• Investors will be judged on the role they play in supporting a Just Transition: The Just Transition calls investors to engage with the impacts on communities producing commodities that will not be part of the transition.

Investors have levers to drive change: 

  • Evidence of tangible impact from Investor Action. Following the Brumadinho disaster investors working with industry and wider stakeholders have shown they can support tangible change through stewardship – setting Global Standards, creating accountability through disclosures, building global Institutions and catalysing alignment across the finance sector.

The Commission is a critical intervention in a vital sector that needs investor engagement if mining is to play the role needed of it by society and the global energy transition. Responsible mining can be a positive contributor to development.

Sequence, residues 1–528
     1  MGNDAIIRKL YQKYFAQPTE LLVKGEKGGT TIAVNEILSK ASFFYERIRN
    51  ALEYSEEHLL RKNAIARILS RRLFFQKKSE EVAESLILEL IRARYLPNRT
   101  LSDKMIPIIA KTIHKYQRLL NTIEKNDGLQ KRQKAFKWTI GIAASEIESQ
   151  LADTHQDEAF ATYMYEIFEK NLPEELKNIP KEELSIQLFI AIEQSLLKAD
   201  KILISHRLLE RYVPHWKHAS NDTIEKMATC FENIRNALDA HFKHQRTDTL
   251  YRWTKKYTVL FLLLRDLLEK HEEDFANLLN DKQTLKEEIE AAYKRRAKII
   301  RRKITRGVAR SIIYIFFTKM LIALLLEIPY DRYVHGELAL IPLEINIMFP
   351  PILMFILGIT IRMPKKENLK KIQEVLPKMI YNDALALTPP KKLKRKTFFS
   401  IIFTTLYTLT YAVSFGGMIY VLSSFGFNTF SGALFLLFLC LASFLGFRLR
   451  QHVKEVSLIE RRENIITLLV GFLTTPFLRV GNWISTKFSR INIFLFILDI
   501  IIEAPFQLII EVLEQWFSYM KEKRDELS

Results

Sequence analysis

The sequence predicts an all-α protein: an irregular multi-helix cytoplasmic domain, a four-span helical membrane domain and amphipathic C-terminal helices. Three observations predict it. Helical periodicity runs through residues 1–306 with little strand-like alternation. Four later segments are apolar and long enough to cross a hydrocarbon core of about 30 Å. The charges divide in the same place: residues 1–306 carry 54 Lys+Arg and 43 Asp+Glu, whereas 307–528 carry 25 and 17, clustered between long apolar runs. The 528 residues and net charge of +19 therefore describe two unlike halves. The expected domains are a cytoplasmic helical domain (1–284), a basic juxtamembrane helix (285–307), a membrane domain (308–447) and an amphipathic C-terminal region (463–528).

Commission membership  

In April 2023, the Commission issued an open call for nominations from the following stakeholder groups: 

  • Mining Industry (both large and small enterprises)
  • Impacted and potentially affected community
  • Trade Union
  • Indigenous / First Nation community
  • Investment industry
  • Insurance / Banking Industry
  • Technical
  • Academic community
  • Relevant civil society and NGOs
  • Workforce
  • Regulatory/Government

The Commission will: engage all relevant stakeholders; ensure that stakeholder voices are fully heard and acknowledged; build a common understanding of what is needed to deliver a socially just and environmentally responsible sector; and identify areas where there is an absence of consensus (on the issue analysis and/or on the solutions needed).

More detail on the Global Investor Commission on Mining 2030 can be found at